Data driven tests are just one of the options in Spock specifications. As you explore Spock you’ll find many of the BDD concepts available to use, as well as a unique solution to working effectively with mocking frameworks. Spock is built on JUnit, so it works without effort for popular build tools and IDEs, and the online documentation is superb (how often can you say that about an open source framework?). If you want to take tests as a form of knowledge creation, then Spock is definitely worth investigating.

    The new 0.4 release of Spock contains another option for data driven tests as well: the data table. Previously, Listing 2 showed how lists can be used within Spock so that assertion blocks are automatically called several times with different data. The downside is that I sometimes find myself tilting my head as I try to read the vertical columns embedded in the lists. Similar to the data tables features in Scala’s Specs framework, Spock now allows you to embed pipe delimited data tables in your tests. Listing 3 is the same test as in Listing 2 but uses data tables instead of the Spock data
    driven format.

    The result is a much more readable dataset, neatly divided into rows and columns.

    The test driven community has a great interest in improving the framework landscape. Unit tests have been heralded in the past as a way to capture information about the system being developed, but the JUnit and Java syntax combine to under-deliver on this promise. Finally, with both the Groovy language and frameworks like Spock, we are seeing unit tests come into their own in their ability to capture, express, and execute the workings of the system.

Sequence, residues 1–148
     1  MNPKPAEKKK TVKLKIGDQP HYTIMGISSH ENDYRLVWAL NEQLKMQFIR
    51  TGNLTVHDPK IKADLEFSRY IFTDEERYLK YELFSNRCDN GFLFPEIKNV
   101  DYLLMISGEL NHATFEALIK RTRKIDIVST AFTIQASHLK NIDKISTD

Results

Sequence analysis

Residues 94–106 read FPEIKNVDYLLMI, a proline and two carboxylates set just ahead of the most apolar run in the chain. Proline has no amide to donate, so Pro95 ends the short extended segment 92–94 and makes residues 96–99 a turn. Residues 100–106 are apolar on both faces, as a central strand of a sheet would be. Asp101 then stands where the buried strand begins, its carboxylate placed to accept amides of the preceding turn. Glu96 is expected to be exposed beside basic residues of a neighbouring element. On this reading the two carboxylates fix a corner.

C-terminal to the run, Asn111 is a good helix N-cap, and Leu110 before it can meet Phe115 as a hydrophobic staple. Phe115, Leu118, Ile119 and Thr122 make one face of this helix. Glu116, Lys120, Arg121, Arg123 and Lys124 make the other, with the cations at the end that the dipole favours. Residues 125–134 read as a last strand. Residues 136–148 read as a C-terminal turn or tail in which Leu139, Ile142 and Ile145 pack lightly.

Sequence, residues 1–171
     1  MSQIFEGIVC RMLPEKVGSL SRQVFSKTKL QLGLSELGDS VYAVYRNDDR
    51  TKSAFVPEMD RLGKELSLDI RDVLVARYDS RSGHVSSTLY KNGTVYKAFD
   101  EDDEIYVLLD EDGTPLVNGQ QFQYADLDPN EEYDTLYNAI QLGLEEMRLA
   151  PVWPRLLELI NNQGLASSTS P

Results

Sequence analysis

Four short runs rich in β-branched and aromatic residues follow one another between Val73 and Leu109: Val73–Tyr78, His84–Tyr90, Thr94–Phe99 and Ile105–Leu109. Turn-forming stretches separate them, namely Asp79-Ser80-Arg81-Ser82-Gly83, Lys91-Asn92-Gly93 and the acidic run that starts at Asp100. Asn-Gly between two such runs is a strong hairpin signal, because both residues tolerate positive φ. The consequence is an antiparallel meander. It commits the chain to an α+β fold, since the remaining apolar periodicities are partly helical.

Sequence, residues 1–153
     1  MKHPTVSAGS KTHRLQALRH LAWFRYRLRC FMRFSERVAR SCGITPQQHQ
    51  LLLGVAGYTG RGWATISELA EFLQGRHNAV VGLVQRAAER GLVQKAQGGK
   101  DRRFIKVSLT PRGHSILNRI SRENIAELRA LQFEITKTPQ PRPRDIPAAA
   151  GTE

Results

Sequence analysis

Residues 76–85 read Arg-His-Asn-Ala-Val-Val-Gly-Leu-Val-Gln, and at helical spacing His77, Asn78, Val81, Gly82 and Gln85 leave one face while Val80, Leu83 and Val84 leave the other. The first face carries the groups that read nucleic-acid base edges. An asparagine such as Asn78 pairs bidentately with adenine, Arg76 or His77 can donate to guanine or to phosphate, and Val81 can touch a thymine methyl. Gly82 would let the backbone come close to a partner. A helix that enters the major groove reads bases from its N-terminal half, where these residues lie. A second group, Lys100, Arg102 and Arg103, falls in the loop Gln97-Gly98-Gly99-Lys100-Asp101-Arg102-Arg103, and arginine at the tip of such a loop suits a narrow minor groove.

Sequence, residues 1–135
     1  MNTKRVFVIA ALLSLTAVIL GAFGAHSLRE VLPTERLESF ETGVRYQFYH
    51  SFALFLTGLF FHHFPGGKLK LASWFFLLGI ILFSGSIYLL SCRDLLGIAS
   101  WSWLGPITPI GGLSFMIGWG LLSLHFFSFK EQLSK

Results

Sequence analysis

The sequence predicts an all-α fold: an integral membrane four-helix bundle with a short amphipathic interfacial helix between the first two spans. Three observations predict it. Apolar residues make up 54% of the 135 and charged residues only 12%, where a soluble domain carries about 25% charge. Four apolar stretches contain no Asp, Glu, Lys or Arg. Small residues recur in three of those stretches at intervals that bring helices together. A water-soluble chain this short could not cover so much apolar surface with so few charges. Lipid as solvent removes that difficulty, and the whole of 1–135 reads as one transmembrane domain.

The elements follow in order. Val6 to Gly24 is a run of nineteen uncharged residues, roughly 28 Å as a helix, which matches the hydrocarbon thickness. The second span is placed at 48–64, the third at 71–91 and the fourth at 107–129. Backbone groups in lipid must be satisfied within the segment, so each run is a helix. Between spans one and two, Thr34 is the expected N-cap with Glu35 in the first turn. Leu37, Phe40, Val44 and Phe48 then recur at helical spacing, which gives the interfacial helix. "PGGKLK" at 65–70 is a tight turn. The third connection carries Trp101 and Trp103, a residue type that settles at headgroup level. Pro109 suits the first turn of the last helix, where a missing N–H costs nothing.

Sidebar: Expressive vs. Terse
    I’ve been very careful to call Groovy expressive instead of terse, which are two different things. Terse means showing less. Terse can mean anything from an abstraction to an abbreviation. Court stenography or writing shorthand is terse. All of the information is captured, but in as small amount of space as possible. And practically no one except the original author can make sense of it. Perl and regular expressions are terse.

    Expressive is also about showing less, but expressive specifically means showing less of the inconsequential and more of the consequential. If something is important, then an expressive language shows it to you. If something isn’t important, then an expressive language should hide that detail.

    Being expressive is an important part of staying DRY (Do Not Repeat Yourself). Everyone knows that DRY mandates that you do not say things twice: there should be a single source of knowledge for any fact. Hiding information, and terseness, often violates this. An expressive language helps you stay DRY by making sure knowledge is embedded in the system once without a lot of extra noise. Simple terseness and hiding information might leave you with zero sources of knowledge! Not a good place to be. Strive for expressive, and be wary of terse.

    Next Steps